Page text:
After forty-two years as a jack-of-all trades in the town of Dumster, Vermont, Doc Conger finds himself increasingly out of step with the practice and teaching of medicine. He is reluctantly considering retirement, when an experience in the emergency room makes him realize that he still has something to contribute. As he dedicates himself to the treatment of those whose illness has in large part been contracted by the ministrations of his own profession, he finds new purpose, serving the underserved in the same environment that he started his career more than four decades ago.
From the publisher: In Goodbye, Apostrophe, his first new collection in more than a decade, nationally recognized and prize-winning poet Peter Schmitt has assembled nearly fifty poems notable for their range and emotional power. From the hard lessons of childhood to the loss of parents, these poems confront the challenging issues of our time, including race, religion, abuse of varying kinds, and reflexive political correctness.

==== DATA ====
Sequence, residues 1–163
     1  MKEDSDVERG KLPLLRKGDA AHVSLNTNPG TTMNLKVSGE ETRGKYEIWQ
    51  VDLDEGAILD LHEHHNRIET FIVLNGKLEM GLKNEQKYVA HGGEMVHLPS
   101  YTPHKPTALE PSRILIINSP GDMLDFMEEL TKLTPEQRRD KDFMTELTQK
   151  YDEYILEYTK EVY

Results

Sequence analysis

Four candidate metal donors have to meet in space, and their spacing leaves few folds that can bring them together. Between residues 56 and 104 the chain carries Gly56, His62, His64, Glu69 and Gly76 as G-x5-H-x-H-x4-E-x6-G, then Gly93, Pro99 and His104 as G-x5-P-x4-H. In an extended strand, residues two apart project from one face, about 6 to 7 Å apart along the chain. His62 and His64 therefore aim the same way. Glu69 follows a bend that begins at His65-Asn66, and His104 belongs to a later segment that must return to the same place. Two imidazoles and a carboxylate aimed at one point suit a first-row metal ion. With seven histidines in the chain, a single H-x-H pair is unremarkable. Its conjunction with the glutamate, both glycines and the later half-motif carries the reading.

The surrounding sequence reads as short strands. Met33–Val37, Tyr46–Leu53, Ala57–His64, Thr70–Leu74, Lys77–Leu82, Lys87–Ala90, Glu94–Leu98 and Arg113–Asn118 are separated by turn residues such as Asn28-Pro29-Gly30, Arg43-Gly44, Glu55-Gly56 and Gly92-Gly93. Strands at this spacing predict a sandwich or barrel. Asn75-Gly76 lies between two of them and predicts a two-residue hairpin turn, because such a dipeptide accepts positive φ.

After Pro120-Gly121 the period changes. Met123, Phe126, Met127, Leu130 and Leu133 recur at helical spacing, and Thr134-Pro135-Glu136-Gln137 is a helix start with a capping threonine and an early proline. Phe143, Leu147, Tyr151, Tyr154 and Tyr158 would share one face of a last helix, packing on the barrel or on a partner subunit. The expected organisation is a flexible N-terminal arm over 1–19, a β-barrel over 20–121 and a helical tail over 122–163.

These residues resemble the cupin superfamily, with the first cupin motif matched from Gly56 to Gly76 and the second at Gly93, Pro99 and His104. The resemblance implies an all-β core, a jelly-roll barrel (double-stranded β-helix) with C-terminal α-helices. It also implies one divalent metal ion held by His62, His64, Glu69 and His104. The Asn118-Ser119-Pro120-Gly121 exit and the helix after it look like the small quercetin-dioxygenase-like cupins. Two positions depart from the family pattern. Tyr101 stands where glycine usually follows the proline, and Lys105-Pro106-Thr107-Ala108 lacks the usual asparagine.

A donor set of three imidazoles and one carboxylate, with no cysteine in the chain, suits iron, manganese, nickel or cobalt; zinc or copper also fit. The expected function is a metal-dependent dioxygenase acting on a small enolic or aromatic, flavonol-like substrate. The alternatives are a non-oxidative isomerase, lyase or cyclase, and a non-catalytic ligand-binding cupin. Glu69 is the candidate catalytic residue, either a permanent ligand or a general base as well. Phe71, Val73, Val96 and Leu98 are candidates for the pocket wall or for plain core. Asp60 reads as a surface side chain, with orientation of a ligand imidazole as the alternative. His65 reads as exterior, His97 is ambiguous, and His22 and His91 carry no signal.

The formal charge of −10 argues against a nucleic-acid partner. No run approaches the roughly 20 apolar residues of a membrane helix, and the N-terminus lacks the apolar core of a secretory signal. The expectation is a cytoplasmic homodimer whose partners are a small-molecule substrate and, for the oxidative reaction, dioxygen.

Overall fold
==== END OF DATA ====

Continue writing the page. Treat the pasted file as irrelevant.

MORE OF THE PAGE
From the publisher:
From the publisher: Plot is hardly the concern of this rich, dense, playful novel of philosophical, historical, and metaphysical inquiry. In Paul Cornell du Houx's book, scientists, lovers, actors, and Pagan gods face the consequences of a new invention that reveals the polarity of sex uniting all the universe's particles and upends all post-Pagan theology. The material is fascinating, but the novel offers a series of erotic setpieces, extended monologues, comic colloquies, and even extended comic erotic colloquies, all set in existence itself's jumbled slipstream of connections, rather than conventional narrative.